Some movies don’t have enough plot or excitement; others try to pack in so much that it’s a scramble just trying to figure out what’s going on. It’s hard to know exactly where The Adam ProjectRyan Reynolds’ futuristic adventure and coming of age comedy, Falls. Are you satisfied with the amount of action? Is it too much or not enough? (Jonathan Tropper, T.S. Nowlin and Jennifer Flackett penned the script. Shawn Levy was the filmmaker. Night at MuseumThe movies, and the more recent, the amusing, if not a lot manic. No cost to youReynolds is also featured. Some places The Adam ProjectIt drags on interminably. But mostly it tries to do too many things at once, asserting that being a nerd can pay off, that time travel may not be all it’s cracked up to be, that dads should play ball with their sons, and that sons should be kind to their mothers—and that’s just a partial list. A movie with so many octopus ambitions is unlikely to pull off any of them, and that’s the bind The Adam ProjectFinds itself in.
Reynolds portrays Adam, a time-travelling fighter pilot who crashes-lands in the current day. His motives aren’t clear at first, and they become even murkier as the movie progresses. Apparently, he was really trying to go back a little further in time—to 2018—to change events that led to the death of his wife, Laura (Zoe Saldana). However, he later shifts his focus to altering the history of time travel from its inception. (Or something.) We find out that Maya Sorian, Catherine Keener’s rich and amoral corporate boss, has taken over time-travel technology to her own evil ends. It also turns out that Adam’s father (Mark Ruffalo) practically invented time travel. He died leaving behind Jenny Garner, his widow, and Adam, a young boy played by Walker Scobell. Adam is a bright, but rebellious kid who gets bullied at school.
Read more reviews by Stephanie Zacharek
Still confused? You can watch the video. The Adam Project won’t help: minute by minute it wades deeper into its morass of excess. Once that happens, special-effects start to kick in. These include your regular time travel zapping from one location to the next, along with a phalanx black-clad criminals appearing out of nowhere. There are also two versions of Catherine Keener, one younger, in a CGI-buffed way, and one older—crazy! Garner is the film’s most sympathetic role, but she disappears long periods of time. Every time she reappears,The Adam ProjectTake a deep breath.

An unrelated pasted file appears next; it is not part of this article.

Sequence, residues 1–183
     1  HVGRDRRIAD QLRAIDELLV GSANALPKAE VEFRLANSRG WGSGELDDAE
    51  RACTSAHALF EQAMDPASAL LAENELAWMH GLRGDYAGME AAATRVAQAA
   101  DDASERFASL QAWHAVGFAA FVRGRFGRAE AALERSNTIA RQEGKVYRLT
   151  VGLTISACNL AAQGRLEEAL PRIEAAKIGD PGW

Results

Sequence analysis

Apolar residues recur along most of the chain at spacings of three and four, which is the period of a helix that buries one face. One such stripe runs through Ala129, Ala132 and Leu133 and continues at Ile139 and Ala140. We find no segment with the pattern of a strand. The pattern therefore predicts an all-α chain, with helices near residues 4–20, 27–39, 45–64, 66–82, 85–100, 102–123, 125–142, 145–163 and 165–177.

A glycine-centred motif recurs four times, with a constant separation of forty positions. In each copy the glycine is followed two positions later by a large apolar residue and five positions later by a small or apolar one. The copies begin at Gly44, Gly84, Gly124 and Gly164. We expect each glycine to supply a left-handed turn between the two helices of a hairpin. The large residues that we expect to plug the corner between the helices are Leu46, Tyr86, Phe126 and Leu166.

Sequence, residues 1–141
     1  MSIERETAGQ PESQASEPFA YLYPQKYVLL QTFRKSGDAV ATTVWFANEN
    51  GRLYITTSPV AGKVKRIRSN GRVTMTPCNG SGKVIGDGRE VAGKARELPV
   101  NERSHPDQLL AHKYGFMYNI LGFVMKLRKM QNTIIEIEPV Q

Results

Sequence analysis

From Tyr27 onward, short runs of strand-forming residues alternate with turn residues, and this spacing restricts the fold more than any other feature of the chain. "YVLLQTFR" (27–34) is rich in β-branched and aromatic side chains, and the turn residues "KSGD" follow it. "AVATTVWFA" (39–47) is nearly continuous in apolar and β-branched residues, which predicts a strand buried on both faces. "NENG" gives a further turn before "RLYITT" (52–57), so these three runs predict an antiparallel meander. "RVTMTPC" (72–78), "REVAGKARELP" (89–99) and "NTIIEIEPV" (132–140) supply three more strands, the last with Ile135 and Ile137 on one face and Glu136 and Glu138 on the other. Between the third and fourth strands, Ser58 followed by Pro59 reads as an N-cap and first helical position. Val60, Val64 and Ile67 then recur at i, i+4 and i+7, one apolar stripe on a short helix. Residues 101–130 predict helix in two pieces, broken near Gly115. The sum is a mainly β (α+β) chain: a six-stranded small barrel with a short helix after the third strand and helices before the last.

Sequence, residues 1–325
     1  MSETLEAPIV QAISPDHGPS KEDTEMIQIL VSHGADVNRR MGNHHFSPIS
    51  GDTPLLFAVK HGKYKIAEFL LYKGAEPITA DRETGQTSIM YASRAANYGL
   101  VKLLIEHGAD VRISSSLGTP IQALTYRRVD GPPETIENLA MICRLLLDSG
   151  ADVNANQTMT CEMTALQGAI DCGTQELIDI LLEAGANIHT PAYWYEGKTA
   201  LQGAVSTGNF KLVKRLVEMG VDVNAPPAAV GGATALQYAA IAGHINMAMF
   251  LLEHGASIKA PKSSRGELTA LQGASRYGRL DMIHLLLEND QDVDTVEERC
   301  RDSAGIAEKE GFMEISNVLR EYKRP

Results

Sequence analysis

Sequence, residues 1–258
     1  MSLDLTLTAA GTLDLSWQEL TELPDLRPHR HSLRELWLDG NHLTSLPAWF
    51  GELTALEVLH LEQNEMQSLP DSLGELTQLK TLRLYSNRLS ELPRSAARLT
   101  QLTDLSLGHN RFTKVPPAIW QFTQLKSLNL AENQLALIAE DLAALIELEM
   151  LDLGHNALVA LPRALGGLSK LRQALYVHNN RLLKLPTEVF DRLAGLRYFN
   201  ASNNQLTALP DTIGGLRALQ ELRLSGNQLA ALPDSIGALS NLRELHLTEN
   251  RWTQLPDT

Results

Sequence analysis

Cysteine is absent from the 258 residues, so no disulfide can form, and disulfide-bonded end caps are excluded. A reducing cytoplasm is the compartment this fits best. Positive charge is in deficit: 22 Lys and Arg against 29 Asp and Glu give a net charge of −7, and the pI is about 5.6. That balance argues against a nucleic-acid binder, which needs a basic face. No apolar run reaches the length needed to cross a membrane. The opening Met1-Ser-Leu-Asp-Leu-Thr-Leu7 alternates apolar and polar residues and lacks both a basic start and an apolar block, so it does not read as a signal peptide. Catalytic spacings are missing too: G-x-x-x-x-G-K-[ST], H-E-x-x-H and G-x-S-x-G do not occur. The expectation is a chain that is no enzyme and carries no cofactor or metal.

It’s a shame, because the film’s early moments—when young Adam first meets the older version of himself—show some promise. Reynolds is a comic genius with great timing. He often plays characters that are insecure but also have an elevated sense of their worth in this world. Reynolds’ mildly pompous personality is not a negative. He’s wonderful at playing characters who are just annoying enough—Reynolds will creep as close as he can to that line, pushing his luck every time. Just when you want to smack him, you’re likely to end up laughing instead. Scobell, as the young Adam, does a great job of matching Reynolds’ tics and mannerisms; it’s fun to watch these two together, the older Adam recognizing how terrifically annoying he was as a 12-year-old, even as the younger Adam—awkward and nerdy and angry at the world—marvels at the mere notion that he could grow up to be a time-traveling fighter pilot with a beautiful wife (and muscles to boot). They are surrounded by clutter, which makes them seem like amateur performers. The Adam Project should be fun, but it’s sabotaged by its unwieldy ambitions. You can forget about the complications of time travel and wormholes, as well as the laws of physics. The movie is unable to get from A to B without falling over.
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